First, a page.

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The Washington Diplomat

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Biking to the Fullest

by Gail Sullivan

Most people battling leukemia don't undertake a 3,500-mile solo bike ride between rounds of chemotherapy. But Luigi Laraia is not like most people.

The 37-year-old World Bank economist was diagnosed with leukemia in March and received his first round of chemotherapy two weeks later. He will undergo a second round in October.

The diagnosis was "really a thunderbolt," Laraia said. "There were times I was on my couch or my bed and just didn't have the strength to get up. I didn't want see anybody, talk to anybody. It would have been very easy just to stay there."

Photos: Luigi Laraia
Luigi Laraia, a 37-year-old World Bank economist who was diagnosed with leukemia earlier this year, is biking from D.C. to Vancouver in 35 days to raise money for the Leukemia & Lymphoma Society.


The initial shock gave way to determination. Laraia made up his mind to live life to the fullest, rather than dwelling on what he stands to lose from the disease.

In May, Laraia's doctor gave the lifelong recreational athlete the go-ahead to start exercising again. Getting back to the gym wasn't about returning to old habits, however. Rebuilding the strength he had lost during weeks of hospitalization and treatment was a way of wresting control of his body from the disease.

It also served a larger purpose: to prepare him for a solo bike ride across America, from Washington, D.C., to Vancouver, Canada, in 35 days to raise money for the Leukemia & Lymphoma Society. The money will go toward improving treatment methods and possibly finding a cure for leukemia, a cancer of the blood cells that was diagnosed in an estimated 44,600 people last year.

Laraia left D.C. with an informal kickoff ceremony at the Italian Embassy on July 26 and, weather permitting, will arrive in Vancouver by Sept. 1. He is travelling alone, with only a computer, cell phone and a change of clothes.

His journey takes him through major cities and remote towns, along routes traversed by explorers and through territory once inhabited by bison and native tribes. He is documenting the entire experience on his blog, where he posts photos and writes about the people and places he encounters each day. His entries are animated by historical notes and pop culture references ranging from the Blues Brothers, to "Fargo," to Ingmar Bergman.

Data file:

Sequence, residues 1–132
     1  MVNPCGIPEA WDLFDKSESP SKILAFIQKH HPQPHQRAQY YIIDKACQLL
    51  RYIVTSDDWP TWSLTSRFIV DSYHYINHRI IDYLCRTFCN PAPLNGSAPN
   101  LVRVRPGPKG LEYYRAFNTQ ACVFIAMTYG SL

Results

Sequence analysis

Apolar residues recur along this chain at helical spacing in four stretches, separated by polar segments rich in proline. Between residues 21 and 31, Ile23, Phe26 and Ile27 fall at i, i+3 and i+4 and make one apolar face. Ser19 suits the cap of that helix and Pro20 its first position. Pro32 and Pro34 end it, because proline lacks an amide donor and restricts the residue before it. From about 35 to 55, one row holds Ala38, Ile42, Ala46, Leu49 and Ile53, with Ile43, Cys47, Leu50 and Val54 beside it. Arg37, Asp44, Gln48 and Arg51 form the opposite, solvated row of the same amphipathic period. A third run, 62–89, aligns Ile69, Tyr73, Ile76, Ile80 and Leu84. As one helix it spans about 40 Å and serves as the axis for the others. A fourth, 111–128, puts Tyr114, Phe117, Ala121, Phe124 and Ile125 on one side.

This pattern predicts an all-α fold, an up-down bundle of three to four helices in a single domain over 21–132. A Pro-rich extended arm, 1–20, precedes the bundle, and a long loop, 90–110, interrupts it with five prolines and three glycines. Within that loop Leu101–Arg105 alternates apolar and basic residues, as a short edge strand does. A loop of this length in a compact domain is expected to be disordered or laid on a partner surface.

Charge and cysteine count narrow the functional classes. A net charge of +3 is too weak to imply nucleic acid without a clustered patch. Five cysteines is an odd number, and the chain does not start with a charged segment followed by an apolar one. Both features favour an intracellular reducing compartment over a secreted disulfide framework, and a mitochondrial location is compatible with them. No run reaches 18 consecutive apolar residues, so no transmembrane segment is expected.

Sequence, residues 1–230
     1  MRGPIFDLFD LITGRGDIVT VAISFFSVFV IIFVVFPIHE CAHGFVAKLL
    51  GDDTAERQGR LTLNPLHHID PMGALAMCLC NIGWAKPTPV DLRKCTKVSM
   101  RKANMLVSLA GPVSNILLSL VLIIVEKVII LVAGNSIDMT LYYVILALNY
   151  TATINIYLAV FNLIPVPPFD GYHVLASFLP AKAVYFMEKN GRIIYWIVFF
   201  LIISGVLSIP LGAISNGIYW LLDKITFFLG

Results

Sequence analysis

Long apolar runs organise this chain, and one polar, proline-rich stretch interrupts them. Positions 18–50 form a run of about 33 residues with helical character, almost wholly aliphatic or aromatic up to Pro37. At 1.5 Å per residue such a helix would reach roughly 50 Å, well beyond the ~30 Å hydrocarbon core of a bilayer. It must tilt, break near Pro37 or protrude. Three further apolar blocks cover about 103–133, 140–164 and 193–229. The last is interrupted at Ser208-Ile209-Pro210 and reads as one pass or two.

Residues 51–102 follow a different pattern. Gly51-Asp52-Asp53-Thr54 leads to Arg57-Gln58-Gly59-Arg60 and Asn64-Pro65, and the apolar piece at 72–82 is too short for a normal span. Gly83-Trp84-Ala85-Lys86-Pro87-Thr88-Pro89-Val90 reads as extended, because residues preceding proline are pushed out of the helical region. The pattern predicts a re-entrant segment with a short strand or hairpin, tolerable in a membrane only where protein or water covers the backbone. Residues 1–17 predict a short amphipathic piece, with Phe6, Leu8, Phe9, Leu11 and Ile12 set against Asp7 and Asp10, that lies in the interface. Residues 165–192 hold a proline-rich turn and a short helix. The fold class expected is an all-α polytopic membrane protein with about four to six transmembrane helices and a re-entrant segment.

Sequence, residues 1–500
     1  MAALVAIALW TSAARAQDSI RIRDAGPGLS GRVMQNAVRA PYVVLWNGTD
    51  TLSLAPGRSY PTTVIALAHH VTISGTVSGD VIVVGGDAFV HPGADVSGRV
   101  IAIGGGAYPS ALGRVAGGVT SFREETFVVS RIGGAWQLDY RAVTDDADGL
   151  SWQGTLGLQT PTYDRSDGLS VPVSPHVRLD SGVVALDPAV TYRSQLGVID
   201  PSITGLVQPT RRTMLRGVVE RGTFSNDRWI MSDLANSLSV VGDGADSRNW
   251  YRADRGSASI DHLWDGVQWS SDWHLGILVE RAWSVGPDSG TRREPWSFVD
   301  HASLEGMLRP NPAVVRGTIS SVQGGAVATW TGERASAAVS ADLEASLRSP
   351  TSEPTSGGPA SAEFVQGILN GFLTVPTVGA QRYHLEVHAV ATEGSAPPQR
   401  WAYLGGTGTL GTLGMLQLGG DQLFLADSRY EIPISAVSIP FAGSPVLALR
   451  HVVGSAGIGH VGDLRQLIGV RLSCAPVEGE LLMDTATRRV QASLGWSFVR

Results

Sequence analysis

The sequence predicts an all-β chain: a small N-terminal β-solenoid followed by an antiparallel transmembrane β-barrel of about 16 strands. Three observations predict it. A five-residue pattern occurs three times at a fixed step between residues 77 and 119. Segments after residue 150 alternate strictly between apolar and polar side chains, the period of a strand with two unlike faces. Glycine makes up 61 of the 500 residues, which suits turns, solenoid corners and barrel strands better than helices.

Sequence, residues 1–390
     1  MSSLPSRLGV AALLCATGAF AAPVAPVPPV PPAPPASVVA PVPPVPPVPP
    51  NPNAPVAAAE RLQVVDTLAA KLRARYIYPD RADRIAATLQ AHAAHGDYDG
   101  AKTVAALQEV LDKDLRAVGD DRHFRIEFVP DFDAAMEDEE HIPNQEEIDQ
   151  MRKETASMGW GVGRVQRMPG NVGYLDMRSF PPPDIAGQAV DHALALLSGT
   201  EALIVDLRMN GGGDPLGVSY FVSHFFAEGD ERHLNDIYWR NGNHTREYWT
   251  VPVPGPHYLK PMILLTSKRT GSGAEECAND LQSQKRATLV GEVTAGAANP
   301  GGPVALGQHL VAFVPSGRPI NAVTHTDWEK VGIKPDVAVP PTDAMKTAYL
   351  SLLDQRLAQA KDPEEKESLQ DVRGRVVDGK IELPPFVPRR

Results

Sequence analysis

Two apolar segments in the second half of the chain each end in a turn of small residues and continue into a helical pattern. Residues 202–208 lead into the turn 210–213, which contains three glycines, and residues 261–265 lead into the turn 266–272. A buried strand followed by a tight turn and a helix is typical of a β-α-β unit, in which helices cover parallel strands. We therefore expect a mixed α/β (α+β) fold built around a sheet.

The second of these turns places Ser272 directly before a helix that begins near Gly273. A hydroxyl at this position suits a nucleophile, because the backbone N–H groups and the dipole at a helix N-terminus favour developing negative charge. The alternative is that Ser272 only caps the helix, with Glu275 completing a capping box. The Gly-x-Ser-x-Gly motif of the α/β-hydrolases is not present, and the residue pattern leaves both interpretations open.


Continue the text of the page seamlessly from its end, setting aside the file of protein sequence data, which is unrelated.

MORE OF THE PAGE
The headwind he has battled for most of his journey is also a frequent topic on his blog. Intentionally or not, it is a metaphor for his battle with leukemia. "The wind makes a mockery of my faith in certainty because there is none," he writes. "So I find peace in not knowing when and how it will blow again and by doing so I enjoy the ride … if it does blow against me then I will find a way to dance to its tune, I will use it to enjoy other things that I did not see before because I was so busy fighting it. I will listen to it and I will love it."


There are easier ways to raise money for cancer research, but for Laraia, the message is as important as the money. "It was not easy to 'go public' with my condition," Laraia wrote on his blog. "I did it because I hope that fighting the miles right in the middle of cancer treatment will send a strong message of hope to those who are ill." Laraia isn't one to shy away from a challenge. In 2010, he did a solo cross-country bike ride to the Grand Canyon, and he had no intention of it being his last. He believes in "being yourself in desperate times." That, he explains, means "doing what you love and not waiting until it's gone."

During his 2010 ride, he got a thrill from pushing himself to go faster and harder each day, arriving at his destination three days early. But this time, Laraia must be conscientious of his body's limits. His immune system is weaker and body tires more easily. This journey is a different type of challenge.

"I did not leave Washington, D.C., 18 days ago to go a cycling tour in Beverly Hills," he says. "I am out here to give the bad stuff meaning, to make sense of something that does not make sense at all, and if I cannot find a reason then as sure as hell I went out swinging and nobody can say I didn't."

This journey also brings a different reward. On day 20 of his ride, Laraia passed the $20,000 mark of campaign, double his initial fundraising goal, and set a new goal of $30,000. He checks his fundraising site and his blog daily, and is fueled by the donations and supportive comments. "I am pushing hard because I never lose sight of the cause.… This is why I am on the road when I am supposed to be frail and cautious."

For Laraia, it's not just about fundraising — it's about the journey itself. "Nobody can deny me the pleasure of cycling solo in the mountains," he writes. "This is the best medicine for me. I am feeling stronger already. It is going to be a drug with a lasting effect and when the body needs another round of medication all I have to do is dig up in my memories and remember it."

For more information, visit Luigi Laraia's blog at and his fundraising page at

About the Author

Gail Sullivan is freelance writer for The Diplomatic Pouch.




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